A Clockwork Orange (film)
A Clockwork Orange is a 1971 dystopian crime film adapted, produced, and directed by Stanley Kubrick, based on Anthony Burgess’s 1962 novel of the same name. It employs disturbing, violent images to comment on psychiatry, juvenile delinquency, youth gangs, and other social, political, and economic subjects in a dystopian near-future Britain.
About A Clockwork Orange (film) in brief
A Clockwork Orange is a 1971 dystopian crime film adapted, produced, and directed by Stanley Kubrick, based on Anthony Burgess’s 1962 novel of the same name. It employs disturbing, violent images to comment on psychiatry, juvenile delinquency, youth gangs, and other social, political, and economic subjects in a dystopian near-future Britain. The central character, Alex DeLarge, is a charismatic, antisocial delinquent whose interests include classical music and rape. The film chronicles the horrific crime spree of his gang, his capture, and attempted rehabilitation via an experimental psychological conditioning technique promoted by the Minister of the Interior. Alex narrates most of the film in Nadsat, a fractured adolescent slang composed of Slavic, English, and Cockney rhyming slang. Alex wakes up in a hospital with broken bones and finds that he no longer has aversions to violence and sex and that he has been given a new lease of life. He is sentenced to 14 years in prison. Two years into the sentence, Alex eagerly takes up an offer to be a test subject for the Minister’s new Ludovico technique, an experimental aversion therapy for rehabilitating criminals within two weeks. Alex becomes nauseated by the films and, fearing the technique will make him sick upon hearing Beethoven, begs for an end to the treatment. Alex is let out as a free man, only to find that the police have sold his possessions as compensation to his victims and his parents have let out his room. Alex encounters an elderly vagrant whom he attacked years earlier, and the vagrant and his friends attack him.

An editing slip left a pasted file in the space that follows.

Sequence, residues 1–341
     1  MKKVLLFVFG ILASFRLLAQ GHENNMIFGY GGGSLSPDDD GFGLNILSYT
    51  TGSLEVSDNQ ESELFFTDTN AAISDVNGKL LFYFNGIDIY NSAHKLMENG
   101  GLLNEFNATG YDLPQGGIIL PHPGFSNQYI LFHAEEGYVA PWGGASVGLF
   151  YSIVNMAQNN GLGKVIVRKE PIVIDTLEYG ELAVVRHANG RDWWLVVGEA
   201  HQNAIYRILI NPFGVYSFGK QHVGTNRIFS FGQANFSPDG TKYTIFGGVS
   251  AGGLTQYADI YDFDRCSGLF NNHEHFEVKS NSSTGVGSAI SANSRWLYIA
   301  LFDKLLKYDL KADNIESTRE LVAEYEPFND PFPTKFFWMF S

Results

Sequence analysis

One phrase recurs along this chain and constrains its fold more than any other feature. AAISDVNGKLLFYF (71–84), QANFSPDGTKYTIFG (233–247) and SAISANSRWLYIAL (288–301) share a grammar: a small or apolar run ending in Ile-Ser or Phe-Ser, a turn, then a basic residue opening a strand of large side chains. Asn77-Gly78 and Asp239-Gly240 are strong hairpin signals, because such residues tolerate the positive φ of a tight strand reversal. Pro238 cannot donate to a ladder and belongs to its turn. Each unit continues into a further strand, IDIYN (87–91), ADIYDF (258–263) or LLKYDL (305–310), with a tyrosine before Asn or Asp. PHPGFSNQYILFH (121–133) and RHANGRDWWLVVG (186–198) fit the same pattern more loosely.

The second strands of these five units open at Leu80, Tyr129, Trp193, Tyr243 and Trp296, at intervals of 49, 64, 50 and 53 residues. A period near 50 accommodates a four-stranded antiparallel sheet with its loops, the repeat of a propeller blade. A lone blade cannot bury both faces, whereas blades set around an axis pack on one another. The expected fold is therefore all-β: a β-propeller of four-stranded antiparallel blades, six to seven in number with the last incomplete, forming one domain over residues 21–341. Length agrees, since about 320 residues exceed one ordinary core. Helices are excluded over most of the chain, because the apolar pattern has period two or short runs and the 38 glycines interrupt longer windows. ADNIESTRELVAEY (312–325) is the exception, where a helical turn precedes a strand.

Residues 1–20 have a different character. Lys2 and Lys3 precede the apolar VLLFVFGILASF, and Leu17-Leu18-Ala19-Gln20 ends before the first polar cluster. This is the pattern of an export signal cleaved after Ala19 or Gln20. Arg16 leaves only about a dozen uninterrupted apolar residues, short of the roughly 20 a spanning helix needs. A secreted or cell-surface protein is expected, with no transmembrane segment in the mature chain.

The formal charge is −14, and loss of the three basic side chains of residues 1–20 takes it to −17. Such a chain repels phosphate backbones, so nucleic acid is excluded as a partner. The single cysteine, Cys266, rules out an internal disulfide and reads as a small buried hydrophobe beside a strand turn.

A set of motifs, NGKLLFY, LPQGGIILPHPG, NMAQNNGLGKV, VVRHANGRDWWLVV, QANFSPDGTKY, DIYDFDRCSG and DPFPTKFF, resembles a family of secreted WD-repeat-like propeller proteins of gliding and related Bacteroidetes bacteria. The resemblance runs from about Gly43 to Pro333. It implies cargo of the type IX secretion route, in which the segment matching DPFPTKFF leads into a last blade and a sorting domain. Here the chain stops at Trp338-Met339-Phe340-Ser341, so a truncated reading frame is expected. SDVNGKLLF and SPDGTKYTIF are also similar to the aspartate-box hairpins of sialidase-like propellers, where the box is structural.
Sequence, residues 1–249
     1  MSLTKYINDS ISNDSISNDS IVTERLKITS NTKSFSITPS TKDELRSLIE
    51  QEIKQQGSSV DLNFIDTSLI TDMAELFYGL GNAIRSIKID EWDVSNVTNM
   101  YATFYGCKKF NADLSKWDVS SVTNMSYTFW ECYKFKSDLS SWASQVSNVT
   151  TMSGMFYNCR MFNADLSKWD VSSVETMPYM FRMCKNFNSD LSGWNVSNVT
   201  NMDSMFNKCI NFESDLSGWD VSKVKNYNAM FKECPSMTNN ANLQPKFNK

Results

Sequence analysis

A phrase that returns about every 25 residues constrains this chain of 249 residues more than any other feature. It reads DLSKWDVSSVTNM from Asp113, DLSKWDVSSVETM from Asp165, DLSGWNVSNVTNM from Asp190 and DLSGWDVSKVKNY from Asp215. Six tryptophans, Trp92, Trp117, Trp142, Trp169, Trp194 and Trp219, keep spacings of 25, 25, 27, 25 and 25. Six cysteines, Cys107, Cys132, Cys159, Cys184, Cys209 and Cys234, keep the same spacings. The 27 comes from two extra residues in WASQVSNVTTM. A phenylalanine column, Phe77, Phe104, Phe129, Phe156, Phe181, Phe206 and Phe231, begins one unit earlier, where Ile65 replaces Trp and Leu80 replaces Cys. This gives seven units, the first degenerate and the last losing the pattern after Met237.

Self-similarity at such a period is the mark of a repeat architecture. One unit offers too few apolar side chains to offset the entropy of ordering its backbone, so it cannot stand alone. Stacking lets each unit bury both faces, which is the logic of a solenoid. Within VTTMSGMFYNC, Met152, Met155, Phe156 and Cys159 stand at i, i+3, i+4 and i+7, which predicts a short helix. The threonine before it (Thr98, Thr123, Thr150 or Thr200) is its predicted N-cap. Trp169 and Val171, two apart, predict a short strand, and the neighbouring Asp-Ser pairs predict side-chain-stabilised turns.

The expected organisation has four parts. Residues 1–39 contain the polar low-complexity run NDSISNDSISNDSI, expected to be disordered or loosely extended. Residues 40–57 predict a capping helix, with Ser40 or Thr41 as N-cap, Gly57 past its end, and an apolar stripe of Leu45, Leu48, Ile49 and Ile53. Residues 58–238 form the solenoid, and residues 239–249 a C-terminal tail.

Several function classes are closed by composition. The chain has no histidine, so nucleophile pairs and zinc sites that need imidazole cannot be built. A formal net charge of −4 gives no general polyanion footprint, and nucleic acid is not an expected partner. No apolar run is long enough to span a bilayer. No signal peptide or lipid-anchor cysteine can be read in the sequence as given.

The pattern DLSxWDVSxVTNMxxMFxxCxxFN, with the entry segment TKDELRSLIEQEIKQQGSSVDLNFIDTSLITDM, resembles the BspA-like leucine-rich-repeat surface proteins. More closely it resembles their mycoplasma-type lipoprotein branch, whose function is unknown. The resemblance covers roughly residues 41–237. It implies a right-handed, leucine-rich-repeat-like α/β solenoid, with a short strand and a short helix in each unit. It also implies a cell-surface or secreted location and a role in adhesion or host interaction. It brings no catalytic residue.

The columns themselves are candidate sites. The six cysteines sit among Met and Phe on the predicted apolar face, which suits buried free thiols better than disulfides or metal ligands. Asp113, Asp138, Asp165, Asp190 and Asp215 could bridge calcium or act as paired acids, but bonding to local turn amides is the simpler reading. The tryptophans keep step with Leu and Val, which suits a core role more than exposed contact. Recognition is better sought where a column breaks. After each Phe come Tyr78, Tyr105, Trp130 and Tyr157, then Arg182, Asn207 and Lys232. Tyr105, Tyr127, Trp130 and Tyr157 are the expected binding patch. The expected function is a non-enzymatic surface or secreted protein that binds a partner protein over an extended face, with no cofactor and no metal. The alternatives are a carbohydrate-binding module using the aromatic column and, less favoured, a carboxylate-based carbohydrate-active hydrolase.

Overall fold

They drive him to the countryside, beat him up, and nearly drown him before abandoning him. Alex barely makes it to the doorstep of a nearby home before collapsing. He wakes up to find himself in the home of Mr Alexander, where he is being cared for by Alexander’s manservant, Julian. While bathing, Alex breaks into ‘Singin’ in the Rain’, causing Alexander to realise that Alex was the person who assaulted his wife and locks him in an upstairs bedroom. Unable to withstand the sickening pain, Alex attempts suicide by throwing himself out the window. The Minister arrives and apologises to Alex and offers to take care of Alex and get him a job in his public relations campaign. He brings a stereo stereo in to play a sign of good will and counter-offensive to the public relations system. Alex apologises for his actions and the Minister brings him a stereo to play in a public meeting to counter offensive public relations and counter public relations. Alex’s former droogs, Dim and Georgie, are shocked to find they are his former friends and drive him out of the country. The next day, while truant from school, Alex is approached by his probation officer, PR Deltoid, who is aware of Alex’s activities and cautions him. Alex’s droogs express discontent with petty crime and want more equality and high-yield thefts, but Alex asserts his authority by attacking them. Alex invades a wealthy cat-lady and bludgeons her with a phallic sculpture.